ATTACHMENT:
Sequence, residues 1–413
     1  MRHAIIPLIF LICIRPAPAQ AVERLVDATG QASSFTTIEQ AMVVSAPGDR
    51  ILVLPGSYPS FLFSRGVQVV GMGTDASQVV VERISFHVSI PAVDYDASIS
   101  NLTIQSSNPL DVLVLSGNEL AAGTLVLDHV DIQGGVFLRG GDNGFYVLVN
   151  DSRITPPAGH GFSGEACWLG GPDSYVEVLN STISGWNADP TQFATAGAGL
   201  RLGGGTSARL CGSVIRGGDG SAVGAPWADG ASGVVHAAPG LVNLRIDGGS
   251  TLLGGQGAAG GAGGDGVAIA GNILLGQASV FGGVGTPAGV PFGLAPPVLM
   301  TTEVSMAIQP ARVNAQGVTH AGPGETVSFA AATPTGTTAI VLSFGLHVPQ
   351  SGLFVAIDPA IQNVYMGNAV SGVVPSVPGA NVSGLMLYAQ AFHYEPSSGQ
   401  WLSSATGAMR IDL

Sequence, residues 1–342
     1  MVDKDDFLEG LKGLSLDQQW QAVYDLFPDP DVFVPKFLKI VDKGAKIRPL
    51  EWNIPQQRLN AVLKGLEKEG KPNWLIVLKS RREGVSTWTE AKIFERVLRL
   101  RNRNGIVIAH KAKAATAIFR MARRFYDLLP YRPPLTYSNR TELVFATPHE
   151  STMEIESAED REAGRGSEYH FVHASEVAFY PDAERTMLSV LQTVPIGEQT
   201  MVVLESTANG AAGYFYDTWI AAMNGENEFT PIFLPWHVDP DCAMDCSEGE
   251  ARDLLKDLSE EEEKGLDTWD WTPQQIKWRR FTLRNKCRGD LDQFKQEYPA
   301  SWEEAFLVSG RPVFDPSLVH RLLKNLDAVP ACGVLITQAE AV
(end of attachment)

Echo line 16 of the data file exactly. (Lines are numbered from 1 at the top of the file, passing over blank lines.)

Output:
   201  MVVLESTANG AAGYFYDTWI AAMNGENEFT PIFLPWHVDP DCAMDCSEGE